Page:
All the Ways We Sabotage Our Own Happiness

All the Ways We Sabotage Our Own Happiness

International Day of Happiness is on the way, friends. The date, which was established by the United Nations General Assembly, falls on March 20 and focuses on the importance of a positive mindset.

Now, more than ever, it feels important to place a priority on our happiness. Sadly, that’s often easier said than done – as I’m sure many of us have felt before. The fact is that we’re never really taught how to be happy, and many of us struggle in this area. In fact, we often sabotage our own joy.

I chatted with Mary Hoang, author of Darkness is Golden and founder of The Indigo Project, to get some more insight.

Here’s what she shared:

Happiness is not a static goal

There’s a tendency for many of us to feel as though happiness is “the goal or the endpoint,” Hoang said over email. That, quite simply, sets us up for failure.

“As with any emotional experience, you can never reach a permanent state of happiness,” she said.

Hoang explained that our tendency to view happiness as conditional gets in the way of our ability to enjoy it. Every time we tell ourselves “you will finally be happy” when we achieve whatever goal, or conquer whatever challenge, we set an impossible expectation for ourselves.

Instead, what usually happens is you’ll feel happy for a while, “but then it’s likely a range of other emotions” will creep back in after a while, Hoang shared.


Your joy doesn’t lie in social expectations

One of the most common examples of conditional happiness we see lies in “social expectations, like get a good job, find a partner, have kids,” Hoang said. Many people assume that once those boxes have been ticked, they will feel satisfied.

That is problematic not only because it’s impossible to remain perpetually happy because of any one life achievement, but because it’s also robbing us of the “joy within our lives right now,” Hoang shared.

“Sure, our life might not be perfect and we might have some shit to work through (it’s called being human), but there is always space for joy, wherever we’re at on our journey.”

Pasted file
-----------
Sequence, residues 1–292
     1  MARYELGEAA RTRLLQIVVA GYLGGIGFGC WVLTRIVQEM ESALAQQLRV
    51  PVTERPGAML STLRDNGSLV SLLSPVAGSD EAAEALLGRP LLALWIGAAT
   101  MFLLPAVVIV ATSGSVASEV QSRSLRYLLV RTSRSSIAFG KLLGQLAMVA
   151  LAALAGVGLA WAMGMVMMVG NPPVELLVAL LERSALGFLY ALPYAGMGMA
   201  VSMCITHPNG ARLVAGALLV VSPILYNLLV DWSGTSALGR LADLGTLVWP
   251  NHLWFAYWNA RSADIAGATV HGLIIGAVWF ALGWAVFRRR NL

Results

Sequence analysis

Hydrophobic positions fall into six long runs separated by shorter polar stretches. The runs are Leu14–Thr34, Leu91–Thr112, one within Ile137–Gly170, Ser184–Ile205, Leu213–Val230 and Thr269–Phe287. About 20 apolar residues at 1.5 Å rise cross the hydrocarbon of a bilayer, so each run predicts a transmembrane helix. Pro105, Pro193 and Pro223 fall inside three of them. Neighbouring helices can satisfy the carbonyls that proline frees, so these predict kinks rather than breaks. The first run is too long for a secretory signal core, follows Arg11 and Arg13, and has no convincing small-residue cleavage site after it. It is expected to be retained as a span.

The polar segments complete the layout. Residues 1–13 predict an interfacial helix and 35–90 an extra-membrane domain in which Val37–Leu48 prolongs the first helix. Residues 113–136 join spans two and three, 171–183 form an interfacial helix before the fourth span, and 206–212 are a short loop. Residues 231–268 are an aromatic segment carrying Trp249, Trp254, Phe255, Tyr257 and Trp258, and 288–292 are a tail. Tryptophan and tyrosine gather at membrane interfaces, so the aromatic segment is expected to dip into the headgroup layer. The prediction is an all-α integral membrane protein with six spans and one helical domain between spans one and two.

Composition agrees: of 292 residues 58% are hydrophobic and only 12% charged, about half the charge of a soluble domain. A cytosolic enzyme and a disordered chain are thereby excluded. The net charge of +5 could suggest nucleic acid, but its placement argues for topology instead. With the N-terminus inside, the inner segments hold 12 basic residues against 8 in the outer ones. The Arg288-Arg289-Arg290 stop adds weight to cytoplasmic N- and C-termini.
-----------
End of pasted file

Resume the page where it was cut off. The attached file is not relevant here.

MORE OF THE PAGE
How do we ‘get happy’ then?

First, Hoang stressed, we need to understand that “happiness is just one emotion amidst the broad spectrum of emotions, and life is rich with many types of feeling experience.”

In short, she shared that feeling happy is pleasant and important, but it’s necessary that we “feel the tough stuff, too”.

But if you would like to improve your mindset, which remains incredibly important, Hoang recommended two things: mindfulness and gratitude.

These are effective because mindfulness asks that you stop and begin “paying attention to life, as it is in this moment”. Whether that’s focusing on your breath, taking in the view in front of you or savouring the taste of your coffee, this act helps you step out “from thinking about the future or dwelling about the past”. And gratitude is equally as powerful because it “helps rewire the brain to attend to the positive and fulfilling aspects of our lives,” Hoang said.

“It can be an invaluable practice to check in daily with the things you have to be grateful for, big or small.”

Ultimately, the lesson in mastering happiness is “finding the things in our lives that enrich us,” said Hoang. More often than not, it’s the simpler things (as cliche as that sounds). So, take the time to learn what brings you joy.

“And honestly, give yourself a break – we’re not meant to be happy all the time.”

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